They Do It with Mirrors is a detective fiction novel by British writer Agatha Christie, first published in the US by Dodd, Mead and Company in 1952 under the title of Murder with Mirrors and in UK by the Collins Crime Club on 17 November that year under Christie’s original title. The US edition retailed at $2.50 and the UK edition at ten shillings and sixpence (10/6). The book features her detective Miss Marple.
In the text, Miss Marple says “they do it with mirrors”: this is the slang term for the illusions of magicians and of a stage set. It is thinking of that which leads her to looking a new way at the evening of the first murder.
While visiting her American school friend Ruth Van Rydock in London, Miss Marple learns that Ruth is seriously concerned for her sister Carrie Louise. She asks Miss Marple to visit Carrie Louise at Stonygates, her home in England. Miss Marple agrees to the visit. She is impressed by the size of the Victorian mansion, which now has a separate building for delinquent boys, the cause which engages Carrie Louise and her third husband, Lewis Serrocold. Carrie Louise has her family living with her, as her granddaughter Gina has brought her American husband Walter to England to meet her family. Daughter Mildred Strete moved back home after she was widowed. Stepsons Stephen and Alexis Restarick, now grown, are frequent visitors and are present during Miss Marple’s visit. One of the first people Miss Marple encounters is Edgar Lawson, a young man acting as a secretary to Serrocold; Lawson shows clear signs of paranoid schizophrenia, but these are largely ignored.
Miss Marple learns that Carrie Louise has experienced health problems incidental to old age. Nevertheless, Miss Marple is pleased to see that Carrie Louise is still the sweet, idealistic, and loving person she has known.
An unexpected visitor arrives at Stonygates—Christian Gulbrandsen, Carrie Louise’s stepson from her first marriage and a trustee of the charitable foundation that his father set up with the wealth he generated in his life. Lewis Serrocold walks from the train station and meets Christian on the terrace. Miss Marple watches them through her bird-watcher’s binoculars and tries to learn the reason for Christian’s unexpected visit. She hears a few phrases concerning the importance of keeping a problem from Carrie Louise, and that the two men agree to call for outside help. Both men enter for dinner, and afterwards, Christian retires to his room to write letters.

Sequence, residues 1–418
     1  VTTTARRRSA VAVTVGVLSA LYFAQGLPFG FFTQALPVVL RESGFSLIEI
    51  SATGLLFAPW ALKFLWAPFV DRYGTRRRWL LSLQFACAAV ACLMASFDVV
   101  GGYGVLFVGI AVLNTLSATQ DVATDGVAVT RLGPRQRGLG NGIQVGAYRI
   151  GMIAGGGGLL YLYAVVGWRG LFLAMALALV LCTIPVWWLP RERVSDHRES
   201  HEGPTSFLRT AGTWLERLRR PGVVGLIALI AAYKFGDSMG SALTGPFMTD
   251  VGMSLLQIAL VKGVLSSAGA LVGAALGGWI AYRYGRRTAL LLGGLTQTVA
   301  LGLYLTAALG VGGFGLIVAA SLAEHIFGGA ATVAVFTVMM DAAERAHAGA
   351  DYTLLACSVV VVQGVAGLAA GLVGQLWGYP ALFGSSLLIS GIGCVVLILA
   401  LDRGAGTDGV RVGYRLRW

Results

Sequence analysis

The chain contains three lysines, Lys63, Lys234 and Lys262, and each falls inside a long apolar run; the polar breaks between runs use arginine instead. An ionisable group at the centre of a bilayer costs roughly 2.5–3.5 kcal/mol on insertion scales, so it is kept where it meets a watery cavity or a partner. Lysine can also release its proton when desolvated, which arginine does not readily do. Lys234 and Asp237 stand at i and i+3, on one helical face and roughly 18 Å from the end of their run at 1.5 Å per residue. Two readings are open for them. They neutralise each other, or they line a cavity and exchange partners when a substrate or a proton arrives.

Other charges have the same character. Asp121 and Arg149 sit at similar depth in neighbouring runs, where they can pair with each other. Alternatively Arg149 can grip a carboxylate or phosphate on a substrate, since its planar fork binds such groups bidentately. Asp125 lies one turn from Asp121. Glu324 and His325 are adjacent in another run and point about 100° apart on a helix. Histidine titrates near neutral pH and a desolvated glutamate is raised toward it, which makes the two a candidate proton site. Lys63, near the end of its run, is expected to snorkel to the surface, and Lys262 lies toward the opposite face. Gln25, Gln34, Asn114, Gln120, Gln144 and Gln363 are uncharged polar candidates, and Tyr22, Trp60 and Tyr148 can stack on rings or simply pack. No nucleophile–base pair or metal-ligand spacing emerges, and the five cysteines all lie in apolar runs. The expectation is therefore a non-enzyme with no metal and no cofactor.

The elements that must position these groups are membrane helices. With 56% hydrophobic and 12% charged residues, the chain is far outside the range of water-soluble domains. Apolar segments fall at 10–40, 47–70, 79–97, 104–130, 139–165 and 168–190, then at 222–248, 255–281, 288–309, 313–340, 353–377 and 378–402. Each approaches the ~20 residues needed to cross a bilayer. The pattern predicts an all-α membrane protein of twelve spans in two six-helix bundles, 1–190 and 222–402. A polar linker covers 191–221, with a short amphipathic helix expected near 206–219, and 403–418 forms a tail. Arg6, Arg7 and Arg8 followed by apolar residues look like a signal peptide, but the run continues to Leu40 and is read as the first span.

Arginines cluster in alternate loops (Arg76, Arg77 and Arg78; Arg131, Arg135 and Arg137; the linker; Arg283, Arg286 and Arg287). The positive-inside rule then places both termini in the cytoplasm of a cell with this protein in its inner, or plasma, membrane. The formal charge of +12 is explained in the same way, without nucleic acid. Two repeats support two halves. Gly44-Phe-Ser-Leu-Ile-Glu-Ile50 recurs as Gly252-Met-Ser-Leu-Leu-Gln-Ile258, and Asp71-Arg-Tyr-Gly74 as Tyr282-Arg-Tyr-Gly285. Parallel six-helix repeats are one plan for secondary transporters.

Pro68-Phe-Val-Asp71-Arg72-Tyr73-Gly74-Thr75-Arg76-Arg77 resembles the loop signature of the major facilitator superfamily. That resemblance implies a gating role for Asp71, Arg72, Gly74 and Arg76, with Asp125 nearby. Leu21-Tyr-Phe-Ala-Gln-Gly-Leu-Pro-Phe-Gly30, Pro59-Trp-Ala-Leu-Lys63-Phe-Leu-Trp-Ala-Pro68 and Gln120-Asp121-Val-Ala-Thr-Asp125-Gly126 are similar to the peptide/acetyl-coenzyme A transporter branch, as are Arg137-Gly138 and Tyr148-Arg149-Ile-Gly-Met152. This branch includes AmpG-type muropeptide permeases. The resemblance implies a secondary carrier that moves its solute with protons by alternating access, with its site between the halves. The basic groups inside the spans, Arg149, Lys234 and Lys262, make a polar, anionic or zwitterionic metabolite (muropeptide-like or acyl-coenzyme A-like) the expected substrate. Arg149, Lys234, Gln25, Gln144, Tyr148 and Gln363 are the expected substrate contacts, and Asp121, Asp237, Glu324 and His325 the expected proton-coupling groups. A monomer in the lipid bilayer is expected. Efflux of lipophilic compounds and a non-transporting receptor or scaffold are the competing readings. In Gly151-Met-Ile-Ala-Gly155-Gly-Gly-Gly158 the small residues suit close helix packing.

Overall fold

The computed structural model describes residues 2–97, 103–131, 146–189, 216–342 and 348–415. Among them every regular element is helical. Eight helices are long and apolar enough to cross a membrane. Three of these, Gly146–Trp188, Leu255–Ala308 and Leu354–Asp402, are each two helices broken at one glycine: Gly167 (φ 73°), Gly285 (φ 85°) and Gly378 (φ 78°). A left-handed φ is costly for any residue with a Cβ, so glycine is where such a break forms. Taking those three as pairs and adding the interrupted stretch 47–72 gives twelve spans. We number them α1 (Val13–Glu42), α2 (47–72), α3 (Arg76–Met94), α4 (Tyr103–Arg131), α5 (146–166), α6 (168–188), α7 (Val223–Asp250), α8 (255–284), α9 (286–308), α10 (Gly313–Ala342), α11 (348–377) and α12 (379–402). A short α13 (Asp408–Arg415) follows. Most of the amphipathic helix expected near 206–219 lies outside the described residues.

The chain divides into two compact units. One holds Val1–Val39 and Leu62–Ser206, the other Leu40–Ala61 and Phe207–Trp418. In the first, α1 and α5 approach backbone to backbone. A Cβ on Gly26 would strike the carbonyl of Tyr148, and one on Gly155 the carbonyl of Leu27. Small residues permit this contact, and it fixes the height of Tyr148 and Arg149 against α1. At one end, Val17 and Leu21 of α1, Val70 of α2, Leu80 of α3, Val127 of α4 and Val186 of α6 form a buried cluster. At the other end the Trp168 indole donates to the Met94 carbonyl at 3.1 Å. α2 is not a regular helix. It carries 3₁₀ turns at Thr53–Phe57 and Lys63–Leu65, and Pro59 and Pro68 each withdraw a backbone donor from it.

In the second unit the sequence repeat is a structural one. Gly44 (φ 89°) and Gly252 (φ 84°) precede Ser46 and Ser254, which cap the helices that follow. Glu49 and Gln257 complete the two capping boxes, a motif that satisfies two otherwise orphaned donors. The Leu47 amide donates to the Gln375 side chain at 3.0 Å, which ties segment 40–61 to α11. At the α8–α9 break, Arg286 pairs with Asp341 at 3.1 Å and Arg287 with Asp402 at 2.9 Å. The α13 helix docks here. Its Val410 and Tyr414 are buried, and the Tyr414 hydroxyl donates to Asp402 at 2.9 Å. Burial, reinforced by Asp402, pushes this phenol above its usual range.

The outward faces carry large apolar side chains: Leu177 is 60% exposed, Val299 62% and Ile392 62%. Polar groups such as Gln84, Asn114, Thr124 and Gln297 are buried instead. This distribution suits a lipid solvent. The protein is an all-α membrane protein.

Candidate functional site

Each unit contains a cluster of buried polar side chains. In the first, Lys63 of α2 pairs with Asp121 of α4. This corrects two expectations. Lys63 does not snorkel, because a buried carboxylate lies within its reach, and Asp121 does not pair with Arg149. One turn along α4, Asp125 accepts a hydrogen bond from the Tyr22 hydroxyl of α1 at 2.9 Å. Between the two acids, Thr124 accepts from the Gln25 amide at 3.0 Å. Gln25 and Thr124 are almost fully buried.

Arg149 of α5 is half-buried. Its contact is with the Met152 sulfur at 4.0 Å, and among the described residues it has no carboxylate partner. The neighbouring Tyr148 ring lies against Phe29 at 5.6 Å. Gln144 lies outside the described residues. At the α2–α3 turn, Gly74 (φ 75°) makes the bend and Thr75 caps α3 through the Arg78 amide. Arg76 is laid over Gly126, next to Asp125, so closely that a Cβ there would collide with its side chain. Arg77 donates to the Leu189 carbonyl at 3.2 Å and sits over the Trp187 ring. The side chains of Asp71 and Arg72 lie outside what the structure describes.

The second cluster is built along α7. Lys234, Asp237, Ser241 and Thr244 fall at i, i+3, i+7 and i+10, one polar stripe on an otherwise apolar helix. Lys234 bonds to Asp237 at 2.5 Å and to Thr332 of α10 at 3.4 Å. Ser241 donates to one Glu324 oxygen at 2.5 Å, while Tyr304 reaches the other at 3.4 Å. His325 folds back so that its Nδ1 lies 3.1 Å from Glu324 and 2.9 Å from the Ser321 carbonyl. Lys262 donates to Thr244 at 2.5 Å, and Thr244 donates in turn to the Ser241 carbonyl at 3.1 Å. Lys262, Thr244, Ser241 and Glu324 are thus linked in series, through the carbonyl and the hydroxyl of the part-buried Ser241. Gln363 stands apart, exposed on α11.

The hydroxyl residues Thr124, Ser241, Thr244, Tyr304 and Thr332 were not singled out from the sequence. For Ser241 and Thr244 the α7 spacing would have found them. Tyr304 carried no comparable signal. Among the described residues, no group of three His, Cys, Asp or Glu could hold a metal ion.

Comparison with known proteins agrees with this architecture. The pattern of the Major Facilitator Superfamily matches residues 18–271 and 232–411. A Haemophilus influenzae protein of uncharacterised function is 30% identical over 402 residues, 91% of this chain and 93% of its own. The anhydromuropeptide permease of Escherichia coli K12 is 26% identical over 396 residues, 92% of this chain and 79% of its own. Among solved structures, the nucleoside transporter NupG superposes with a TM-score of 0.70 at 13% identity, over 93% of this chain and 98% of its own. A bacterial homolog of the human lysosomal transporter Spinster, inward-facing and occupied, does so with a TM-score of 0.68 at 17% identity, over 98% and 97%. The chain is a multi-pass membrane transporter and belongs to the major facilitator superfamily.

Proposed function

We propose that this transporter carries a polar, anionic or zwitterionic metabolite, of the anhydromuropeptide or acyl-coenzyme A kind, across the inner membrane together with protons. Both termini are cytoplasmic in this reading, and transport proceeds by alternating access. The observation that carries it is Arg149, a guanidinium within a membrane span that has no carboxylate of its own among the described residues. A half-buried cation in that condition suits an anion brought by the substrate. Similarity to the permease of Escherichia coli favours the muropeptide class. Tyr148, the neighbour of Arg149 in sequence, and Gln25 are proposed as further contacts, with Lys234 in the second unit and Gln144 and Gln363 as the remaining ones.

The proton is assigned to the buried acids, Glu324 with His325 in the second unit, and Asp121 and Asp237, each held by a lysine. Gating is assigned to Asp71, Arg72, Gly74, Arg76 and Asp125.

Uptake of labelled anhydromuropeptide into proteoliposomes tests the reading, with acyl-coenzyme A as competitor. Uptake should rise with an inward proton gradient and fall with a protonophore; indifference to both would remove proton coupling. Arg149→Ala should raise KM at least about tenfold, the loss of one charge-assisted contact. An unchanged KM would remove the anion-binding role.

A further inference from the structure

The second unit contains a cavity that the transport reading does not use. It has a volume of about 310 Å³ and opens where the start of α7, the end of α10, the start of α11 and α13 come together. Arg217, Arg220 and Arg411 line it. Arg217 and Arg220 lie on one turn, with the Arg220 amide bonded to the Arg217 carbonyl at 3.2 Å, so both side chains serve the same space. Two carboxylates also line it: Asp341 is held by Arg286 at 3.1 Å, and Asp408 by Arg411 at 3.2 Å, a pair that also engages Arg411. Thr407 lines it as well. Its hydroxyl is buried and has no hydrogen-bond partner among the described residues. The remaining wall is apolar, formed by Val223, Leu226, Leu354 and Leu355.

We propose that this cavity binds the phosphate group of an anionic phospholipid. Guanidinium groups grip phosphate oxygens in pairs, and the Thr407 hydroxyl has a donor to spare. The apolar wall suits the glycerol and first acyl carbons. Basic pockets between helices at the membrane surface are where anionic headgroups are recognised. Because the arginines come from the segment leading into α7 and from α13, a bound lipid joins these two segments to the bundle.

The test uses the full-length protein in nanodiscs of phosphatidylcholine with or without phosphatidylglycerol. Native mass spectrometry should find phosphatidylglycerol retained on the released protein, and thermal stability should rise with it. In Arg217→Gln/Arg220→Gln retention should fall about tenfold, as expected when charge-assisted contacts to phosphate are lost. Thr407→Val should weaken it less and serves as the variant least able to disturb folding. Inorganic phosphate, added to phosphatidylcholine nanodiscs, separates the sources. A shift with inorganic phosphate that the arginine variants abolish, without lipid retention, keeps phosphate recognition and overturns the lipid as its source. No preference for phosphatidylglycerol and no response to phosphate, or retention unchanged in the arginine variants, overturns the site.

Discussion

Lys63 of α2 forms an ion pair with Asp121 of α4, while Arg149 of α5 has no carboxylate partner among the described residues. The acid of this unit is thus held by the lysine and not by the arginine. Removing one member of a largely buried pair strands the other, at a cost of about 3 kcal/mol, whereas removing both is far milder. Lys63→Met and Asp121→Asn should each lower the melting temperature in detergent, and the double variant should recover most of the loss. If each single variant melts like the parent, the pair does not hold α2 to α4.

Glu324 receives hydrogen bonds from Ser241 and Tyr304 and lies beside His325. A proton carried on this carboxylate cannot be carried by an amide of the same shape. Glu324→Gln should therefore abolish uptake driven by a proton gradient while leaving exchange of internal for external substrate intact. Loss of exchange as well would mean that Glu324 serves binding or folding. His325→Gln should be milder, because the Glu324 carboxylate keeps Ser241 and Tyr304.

The rest of the household is held entranced by hearing a scene that plays out behind the locked door of Lewis Serrocold’s office. Lawson enters it with a gun and speaks loudly to Lewis, claiming Lewis is his father and has treated him badly. Lawson threatens to shoot him, while Lewis tries to calm the young man.
Tension is added to the scene because an electrical problem has caused most of the Great Hall outside Lewis’s office to go dark. Walter knows how to fix the overloaded fuse, so he leaves the room to fix it and then rejoins the group. While Edgar Lawson is ranting to Lewis, the family hear shots and intervene by trying to open the door. Another shot (not fired in Lewis’s office) had been heard by some, but not all. When the door to Lewis’s office is finally opened, Lewis scoffs at any concern for himself, and they see that the shots Lawson fired had hit the wall. Lawson collapses in tears and apologies.
Meanwhile, “Jolly” Juliet Bellever, housekeeper and companion to Carrie Louise, had gone out to find the key to the office. She returns to the room and says she has called the police, not because of the scene between Edgar Lawson and Lewis Serrocold, but because she has found Christian Gulbrandsen dead in his room from a gunshot.
Lewis proceeds to Christian’s room, followed by Carrie Louise and Miss Marple. Alexis Restarick arrives at the house. His brother Stephen was already there, playing the piano after dinner. Then the police arrive.
Inspector Curry quickly establishes that none of the people from the facility for delinquent boys are involved, nor any of the servants either. Curry discovers that there was a sheet of paper in the typewriter when Jolly entered the dead man’s room. Lewis admits to removing it, explaining that he had feared his wife would read it and discover that the reason for Christian’s visit was his fear that someone had been poisoning Carrie Louise. Lewis suggests that the poison is in her medicine, a liquid which is shown to contain arsenic.